CROP HEALTH 9.28.18
The Art of Cotton Defoliation
By Will Scott
Growing up in the heart of the Mississippi Delta, I still remember the pungent odor of cotton defoliations swirling through the air early in the morning as I walked to school. For a large part of the country, fall is synonymous with leaves falling from trees and other vegetation. However, in the South, the smell of defoliants was an abrupt signal that summer was ending and fall was starting.
Cotton defoliation, a risky but necessary practice in cotton production, is the process of removing leaves artificially. As leaves become mature they can, and will, abscise naturally. However, removing leaves through chemical applications offers many benefits such as efficient and faster picking, quicker drying of seed cotton, eliminating the main source of stain and trash, increasing lint grades, preventing boll rot, easing boll opening, reducing moisture, and improving storage. In addition to defoliants, chemicals that are added can control regrowth and open green bolls.
The art of cotton defoliation can best be described as one the most subjective decisions in cotton production with respect to product selection, combination, and rate. Within these factors lie the variables that must be considered prior to application. Some of the variables that impact the efficiency of leaf drop in cotton are variety, soil texture, soil moisture, environmental temperatures, crop height or canopy, three to five days’ rain forecast, and application coverage. Due to the sensitive nature of how these variables impact products, I will keep to it to the basics.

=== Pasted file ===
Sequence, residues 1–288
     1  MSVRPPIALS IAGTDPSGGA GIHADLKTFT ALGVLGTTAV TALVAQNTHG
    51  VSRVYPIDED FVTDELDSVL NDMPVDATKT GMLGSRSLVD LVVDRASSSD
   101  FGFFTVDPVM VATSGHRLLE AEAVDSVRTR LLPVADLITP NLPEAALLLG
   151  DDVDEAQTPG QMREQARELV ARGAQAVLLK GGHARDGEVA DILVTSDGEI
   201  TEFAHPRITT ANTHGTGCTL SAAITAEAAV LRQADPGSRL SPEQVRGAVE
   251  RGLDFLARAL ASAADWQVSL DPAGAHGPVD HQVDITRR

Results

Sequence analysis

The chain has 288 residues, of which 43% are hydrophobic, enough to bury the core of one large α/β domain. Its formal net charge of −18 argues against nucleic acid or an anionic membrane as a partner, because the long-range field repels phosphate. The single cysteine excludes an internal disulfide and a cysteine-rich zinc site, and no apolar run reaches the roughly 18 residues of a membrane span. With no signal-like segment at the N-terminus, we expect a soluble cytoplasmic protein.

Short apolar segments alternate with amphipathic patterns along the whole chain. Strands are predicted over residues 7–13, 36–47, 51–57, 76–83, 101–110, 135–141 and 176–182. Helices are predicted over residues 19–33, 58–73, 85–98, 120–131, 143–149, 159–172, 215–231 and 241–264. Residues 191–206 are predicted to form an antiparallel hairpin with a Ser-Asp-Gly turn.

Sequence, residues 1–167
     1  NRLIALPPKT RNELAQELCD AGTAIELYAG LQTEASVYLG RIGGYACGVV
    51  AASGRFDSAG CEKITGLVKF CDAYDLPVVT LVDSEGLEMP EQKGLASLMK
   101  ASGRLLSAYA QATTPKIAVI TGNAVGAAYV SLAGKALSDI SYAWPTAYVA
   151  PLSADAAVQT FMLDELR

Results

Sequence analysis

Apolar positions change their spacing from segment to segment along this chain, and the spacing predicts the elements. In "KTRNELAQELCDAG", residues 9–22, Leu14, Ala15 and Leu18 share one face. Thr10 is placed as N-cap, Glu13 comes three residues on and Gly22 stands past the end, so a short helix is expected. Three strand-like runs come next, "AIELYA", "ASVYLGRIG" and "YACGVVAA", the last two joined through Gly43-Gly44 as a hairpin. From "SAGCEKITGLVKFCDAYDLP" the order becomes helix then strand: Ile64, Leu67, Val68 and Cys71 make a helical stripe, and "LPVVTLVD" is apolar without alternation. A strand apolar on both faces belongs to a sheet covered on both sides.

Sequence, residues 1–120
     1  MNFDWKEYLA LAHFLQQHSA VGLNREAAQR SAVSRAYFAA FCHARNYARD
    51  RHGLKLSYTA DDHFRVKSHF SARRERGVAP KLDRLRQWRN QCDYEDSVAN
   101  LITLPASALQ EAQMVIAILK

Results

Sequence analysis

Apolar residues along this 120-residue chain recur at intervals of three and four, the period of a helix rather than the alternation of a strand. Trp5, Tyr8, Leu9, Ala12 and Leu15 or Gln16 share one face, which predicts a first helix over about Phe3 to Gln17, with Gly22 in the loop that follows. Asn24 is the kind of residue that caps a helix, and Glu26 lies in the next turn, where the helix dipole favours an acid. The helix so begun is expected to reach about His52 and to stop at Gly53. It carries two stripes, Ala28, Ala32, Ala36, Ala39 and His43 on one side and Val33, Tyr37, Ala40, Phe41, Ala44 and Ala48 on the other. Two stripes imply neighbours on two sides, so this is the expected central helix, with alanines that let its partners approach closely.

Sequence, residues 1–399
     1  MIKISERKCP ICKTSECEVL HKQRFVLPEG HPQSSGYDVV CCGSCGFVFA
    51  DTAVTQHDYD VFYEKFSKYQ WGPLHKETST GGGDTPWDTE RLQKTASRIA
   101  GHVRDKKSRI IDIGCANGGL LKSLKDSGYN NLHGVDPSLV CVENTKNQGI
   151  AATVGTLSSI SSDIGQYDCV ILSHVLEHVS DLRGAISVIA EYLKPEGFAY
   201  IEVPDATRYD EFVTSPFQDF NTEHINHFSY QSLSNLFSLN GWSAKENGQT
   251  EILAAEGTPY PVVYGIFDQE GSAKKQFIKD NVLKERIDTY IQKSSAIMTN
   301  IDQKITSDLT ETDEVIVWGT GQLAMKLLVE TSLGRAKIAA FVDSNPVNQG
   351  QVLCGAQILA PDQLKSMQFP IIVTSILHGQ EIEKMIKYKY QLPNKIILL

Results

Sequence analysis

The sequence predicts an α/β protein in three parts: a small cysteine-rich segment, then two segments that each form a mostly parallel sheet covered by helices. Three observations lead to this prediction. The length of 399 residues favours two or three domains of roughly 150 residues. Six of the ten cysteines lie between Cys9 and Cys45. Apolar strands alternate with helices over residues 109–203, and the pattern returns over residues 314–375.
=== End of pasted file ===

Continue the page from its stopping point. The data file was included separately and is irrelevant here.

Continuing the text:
There are multiple methods for deciding if it is time to apply defoliation but regardless of what method you choose, fields should be scouted thoroughly for overall maturity level. Using multiple sampling techniques often gives a better depiction of the crop’s maturity. Typically, defoliation programs are a two-step approach due to dense canopies and crop height. Using a ground applicator, hollow cone tips, and increasing GPA tend to be the most efficient application methods. Product decision can further be separated by three factors: temperature (above or below 80 F), 2e-growth potential (high or low), and if a boll opener is needed.
As Pinnacle’s Tech Services Manager, Will Scott brings his industry expertise to the organization’s product offerings. Since joining Pinnacle Agriculture in 2012, Will works closely with research and development, proprietary brands and procurement teams to ensure we are delivering the best possible product to our customers.